Aurora Guerrero wanted to make a film about a love story between two young Latinas. But the budding film maker knew it was unlikely that a Hollywood studio would produce it, especially since she wanted to shoot it in the overlooked Los Angeles Latino neighborhood of Huntington Park and to cast two local girls in the lead.
“I wanted the film to be rooted in authenticity,” said Guerreo. “I felt like if I brought in a known actor it might give the audience a chance to divorce themselves from the film, to say, ‘Oh, that’s just Hollywood. That doesn’t really happen in our community.’”
So after a few producers turned her down, Guerrero turned to a source that more and more independent film makers are choosing: Kickstarter. The crowdsourcing fundraising platform allows creative types — writers, artists, foodies — to present their ideas for projects and solicit bids from the public. Those who support the projects, called “backers” get rewards such as free tickets to the movie’s premiere or maybe a part as an extra in the film.
“The idea is that a creator can toss out an idea to see if people are interested in seeing it come to life,” says Justin Kazmark, spokesman for Kickstarter. He said more than $150,000 million has been raised on Kickstarter since it’s debut in 2008 and a third of that, $50 million has gone to film makers, the most popular category on the site.
In Guerrero’s case, her idea was based on a semi-autobiographical script that she’d spent seven years writing, a coming of age story about a relationship between two middle-school aged girls, titled “Mosquita y Mari.” Her film would later win the coveted honor of being shown at the 2012 Sundance Film Festival. About 10 percent of films that premiere at Sundance get their funding through Kickstarter.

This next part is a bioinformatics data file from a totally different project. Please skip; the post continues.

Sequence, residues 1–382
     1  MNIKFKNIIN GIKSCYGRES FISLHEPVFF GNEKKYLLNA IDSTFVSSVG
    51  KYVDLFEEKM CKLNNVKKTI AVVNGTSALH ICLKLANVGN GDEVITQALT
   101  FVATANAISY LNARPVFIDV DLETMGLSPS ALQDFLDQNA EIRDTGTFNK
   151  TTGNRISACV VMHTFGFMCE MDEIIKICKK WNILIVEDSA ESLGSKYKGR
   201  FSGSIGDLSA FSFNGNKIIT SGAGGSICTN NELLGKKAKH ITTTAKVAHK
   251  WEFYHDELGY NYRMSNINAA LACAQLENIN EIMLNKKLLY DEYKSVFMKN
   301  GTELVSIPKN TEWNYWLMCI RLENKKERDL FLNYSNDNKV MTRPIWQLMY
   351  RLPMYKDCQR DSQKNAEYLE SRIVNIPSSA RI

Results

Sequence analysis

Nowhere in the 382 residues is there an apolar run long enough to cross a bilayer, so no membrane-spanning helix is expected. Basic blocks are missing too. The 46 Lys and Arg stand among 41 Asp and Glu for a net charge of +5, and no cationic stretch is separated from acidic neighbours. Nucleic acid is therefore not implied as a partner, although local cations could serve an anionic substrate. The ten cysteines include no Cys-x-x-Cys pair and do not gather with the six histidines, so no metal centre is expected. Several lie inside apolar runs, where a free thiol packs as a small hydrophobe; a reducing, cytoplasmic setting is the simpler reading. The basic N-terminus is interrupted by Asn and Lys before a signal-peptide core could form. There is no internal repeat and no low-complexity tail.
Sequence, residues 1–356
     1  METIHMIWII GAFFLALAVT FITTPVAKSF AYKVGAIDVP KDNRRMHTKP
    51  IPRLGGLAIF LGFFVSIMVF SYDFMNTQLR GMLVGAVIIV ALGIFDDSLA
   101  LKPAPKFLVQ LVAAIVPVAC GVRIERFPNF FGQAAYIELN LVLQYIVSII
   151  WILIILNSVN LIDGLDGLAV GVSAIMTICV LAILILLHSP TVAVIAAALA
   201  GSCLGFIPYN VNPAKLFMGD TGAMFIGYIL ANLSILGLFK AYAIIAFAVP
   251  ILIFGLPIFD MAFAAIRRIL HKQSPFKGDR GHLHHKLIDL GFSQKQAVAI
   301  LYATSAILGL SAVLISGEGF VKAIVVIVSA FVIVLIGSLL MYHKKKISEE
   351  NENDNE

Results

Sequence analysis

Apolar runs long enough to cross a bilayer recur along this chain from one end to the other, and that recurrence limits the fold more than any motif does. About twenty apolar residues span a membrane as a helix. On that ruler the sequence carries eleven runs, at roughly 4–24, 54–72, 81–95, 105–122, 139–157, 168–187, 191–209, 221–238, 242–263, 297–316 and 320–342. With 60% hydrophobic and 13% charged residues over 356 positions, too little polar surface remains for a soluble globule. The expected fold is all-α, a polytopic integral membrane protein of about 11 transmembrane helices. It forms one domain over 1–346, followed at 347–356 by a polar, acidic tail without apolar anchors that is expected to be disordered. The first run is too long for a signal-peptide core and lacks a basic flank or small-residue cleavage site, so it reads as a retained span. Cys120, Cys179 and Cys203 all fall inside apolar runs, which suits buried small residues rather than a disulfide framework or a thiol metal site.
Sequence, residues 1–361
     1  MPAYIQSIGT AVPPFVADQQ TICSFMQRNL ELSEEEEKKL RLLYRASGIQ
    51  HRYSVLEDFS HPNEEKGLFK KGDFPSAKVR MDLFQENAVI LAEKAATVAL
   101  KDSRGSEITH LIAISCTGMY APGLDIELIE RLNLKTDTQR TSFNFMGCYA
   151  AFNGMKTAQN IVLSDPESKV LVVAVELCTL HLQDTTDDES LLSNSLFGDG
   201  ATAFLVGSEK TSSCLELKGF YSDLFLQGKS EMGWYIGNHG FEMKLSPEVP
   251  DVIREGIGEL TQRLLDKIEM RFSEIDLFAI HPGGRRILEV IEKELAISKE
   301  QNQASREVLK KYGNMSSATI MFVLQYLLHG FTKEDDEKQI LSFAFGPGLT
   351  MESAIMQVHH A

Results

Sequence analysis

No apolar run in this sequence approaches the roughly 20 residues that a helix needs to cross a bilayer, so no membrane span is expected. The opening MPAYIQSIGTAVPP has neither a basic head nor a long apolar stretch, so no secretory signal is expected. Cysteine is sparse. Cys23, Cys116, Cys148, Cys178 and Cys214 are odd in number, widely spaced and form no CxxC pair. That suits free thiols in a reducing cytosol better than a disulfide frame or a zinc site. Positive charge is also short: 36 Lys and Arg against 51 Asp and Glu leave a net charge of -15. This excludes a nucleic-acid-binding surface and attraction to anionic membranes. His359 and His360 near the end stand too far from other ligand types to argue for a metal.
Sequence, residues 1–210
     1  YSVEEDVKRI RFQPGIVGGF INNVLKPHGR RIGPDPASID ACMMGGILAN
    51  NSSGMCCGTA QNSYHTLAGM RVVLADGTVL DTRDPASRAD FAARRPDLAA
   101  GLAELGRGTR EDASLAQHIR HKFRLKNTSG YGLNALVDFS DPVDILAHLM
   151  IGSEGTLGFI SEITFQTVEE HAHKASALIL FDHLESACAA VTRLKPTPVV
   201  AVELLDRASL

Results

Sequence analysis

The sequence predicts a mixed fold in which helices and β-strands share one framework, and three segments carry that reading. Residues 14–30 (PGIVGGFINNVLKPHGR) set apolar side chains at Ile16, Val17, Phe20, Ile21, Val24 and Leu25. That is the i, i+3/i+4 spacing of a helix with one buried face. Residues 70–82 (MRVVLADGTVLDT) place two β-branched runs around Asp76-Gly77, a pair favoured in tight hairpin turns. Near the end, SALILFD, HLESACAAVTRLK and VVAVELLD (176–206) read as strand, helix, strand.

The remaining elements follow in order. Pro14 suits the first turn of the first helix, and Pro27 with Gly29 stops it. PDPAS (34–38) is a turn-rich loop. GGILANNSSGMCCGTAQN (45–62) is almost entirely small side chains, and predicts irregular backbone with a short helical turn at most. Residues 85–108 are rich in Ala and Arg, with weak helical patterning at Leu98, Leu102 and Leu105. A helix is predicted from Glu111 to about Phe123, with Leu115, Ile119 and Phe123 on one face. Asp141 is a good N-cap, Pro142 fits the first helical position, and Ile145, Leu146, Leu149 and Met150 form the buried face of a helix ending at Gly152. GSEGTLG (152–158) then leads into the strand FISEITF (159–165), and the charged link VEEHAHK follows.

“Mosquita y Mari was inspired by a friendship between myself and a girl I met in middle school,” Guerrero says. “There was an extra layer to this friendship, one of romance and sexual tension. And it wasn’t until I started writing about it, in my early 20s, that I realized how much it impacted and transformed me.”
Guerrero, who had a film degree and worked for the Los Angeles-based nonprofit Film Independence while writing her script, set a goal of $80,000 for her Kickstarter campaign. Once a goal has been set on the site, it must be met within 60 days or the artist does not receive any money.
“If you’re even one dollar short, then nobody’s credit cards are charged,” Kazmark says of the site’s all-or-nothing formula. “And everybody walks away like nothing happened.”
Kickstarter uses this model for two reasons, explains Kazmark: to protect the artist so he or she only has to move forward with the project if they have all the money they need and to protect the backers so they are only pledging their money to something that’s well funded.
Guerrero said Yancey Stricker, one of Kickstarter’s founders told her she was setting the bar too high at $80,000. But she declined to lower her goal, saying she could not make the film for less so why campaign for less. Once the campaign was up on the site, Guerrero appealed for money to her inner circle of friends from the independent film community and social justice organizations where she had worked previously.
But, though fundraising was good during the first few weeks — Guerrero raised $25,000 — it soon slowed and toward the end of the campaign with just two days left, Guerrero still needed $35,000. Stricker told her no one in the company’s short history had ever made up that big of a gap in so short a time.
“Things started looking very gloomy,” she says. “At that point I had a conversation with one of my early backers and she convinced me to keep going.”
Guerrero and her staff produced a last minute flood of emails, Facebook posts and tweets and that helped push them over the edge just in time. “It was unbelievable, amazing,” she says. “It was such a test on having faith in people and this whole idea of community.”
The majority of the film’s backers are Latinos, which also thrills Guerrero. “Ninety percent of the donors were Latinos from the U.S. --born to foreigners, to immigrants. It’s amazing that we raised that much and mainly from the Latino community. “